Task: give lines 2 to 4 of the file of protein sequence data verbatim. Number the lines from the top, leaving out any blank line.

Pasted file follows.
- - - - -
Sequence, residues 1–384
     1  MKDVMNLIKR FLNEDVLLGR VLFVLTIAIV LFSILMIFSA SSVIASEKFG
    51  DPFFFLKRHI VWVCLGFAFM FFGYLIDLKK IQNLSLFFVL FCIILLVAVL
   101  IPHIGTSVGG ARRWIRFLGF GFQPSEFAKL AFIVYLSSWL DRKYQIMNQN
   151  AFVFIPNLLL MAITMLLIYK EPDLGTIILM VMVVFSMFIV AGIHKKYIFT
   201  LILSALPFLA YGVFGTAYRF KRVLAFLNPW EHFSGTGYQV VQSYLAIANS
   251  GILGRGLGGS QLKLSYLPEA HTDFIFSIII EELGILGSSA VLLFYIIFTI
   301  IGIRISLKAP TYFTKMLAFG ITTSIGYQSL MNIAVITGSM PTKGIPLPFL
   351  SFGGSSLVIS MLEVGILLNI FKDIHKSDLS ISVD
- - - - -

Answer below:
     1  MKDVMNLIKR FLNEDVLLGR VLFVLTIAIV LFSILMIFSA SSVIASEKFG
    51  DPFFFLKRHI VWVCLGFAFM FFGYLIDLKK IQNLSLFFVL FCIILLVAVL
   101  IPHIGTSVGG ARRWIRFLGF GFQPSEFAKL AFIVYLSSWL DRKYQIMNQN